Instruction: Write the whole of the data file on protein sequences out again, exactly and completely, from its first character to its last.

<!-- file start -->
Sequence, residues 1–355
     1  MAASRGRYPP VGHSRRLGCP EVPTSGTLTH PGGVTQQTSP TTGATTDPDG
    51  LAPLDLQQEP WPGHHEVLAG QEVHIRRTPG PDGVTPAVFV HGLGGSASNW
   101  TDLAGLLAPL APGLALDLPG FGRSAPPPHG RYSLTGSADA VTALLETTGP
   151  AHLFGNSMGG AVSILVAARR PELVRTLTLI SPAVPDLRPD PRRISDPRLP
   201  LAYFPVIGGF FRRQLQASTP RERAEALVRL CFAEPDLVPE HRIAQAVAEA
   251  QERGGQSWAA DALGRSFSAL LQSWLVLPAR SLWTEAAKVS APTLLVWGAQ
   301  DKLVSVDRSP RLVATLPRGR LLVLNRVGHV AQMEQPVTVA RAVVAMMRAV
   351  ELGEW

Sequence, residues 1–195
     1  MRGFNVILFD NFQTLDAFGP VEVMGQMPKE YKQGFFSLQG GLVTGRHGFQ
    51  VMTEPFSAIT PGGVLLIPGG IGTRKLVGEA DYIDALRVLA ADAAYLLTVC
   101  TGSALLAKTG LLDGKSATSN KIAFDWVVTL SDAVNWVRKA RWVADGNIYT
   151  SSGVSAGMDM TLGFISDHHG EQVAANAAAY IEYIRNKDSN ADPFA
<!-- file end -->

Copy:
Sequence, residues 1–355
     1  MAASRGRYPP VGHSRRLGCP EVPTSGTLTH PGGVTQQTSP TTGATTDPDG
    51  LAPLDLQQEP WPGHHEVLAG QEVHIRRTPG PDGVTPAVFV HGLGGSASNW
   101  TDLAGLLAPL APGLALDLPG FGRSAPPPHG RYSLTGSADA VTALLETTGP
   151  AHLFGNSMGG AVSILVAARR PELVRTLTLI SPAVPDLRPD PRRISDPRLP
   201  LAYFPVIGGF FRRQLQASTP RERAEALVRL CFAEPDLVPE HRIAQAVAEA
   251  QERGGQSWAA DALGRSFSAL LQSWLVLPAR SLWTEAAKVS APTLLVWGAQ
   301  DKLVSVDRSP RLVATLPRGR LLVLNRVGHV AQMEQPVTVA RAVVAMMRAV
   351  ELGEW

Sequence, residues 1–195
     1  MRGFNVILFD NFQTLDAFGP VEVMGQMPKE YKQGFFSLQG GLVTGRHGFQ
    51  VMTEPFSAIT PGGVLLIPGG IGTRKLVGEA DYIDALRVLA ADAAYLLTVC
   101  TGSALLAKTG LLDGKSATSN KIAFDWVVTL SDAVNWVRKA RWVADGNIYT
   151  SSGVSAGMDM TLGFISDHHG EQVAANAAAY IEYIRNKDSN ADPFA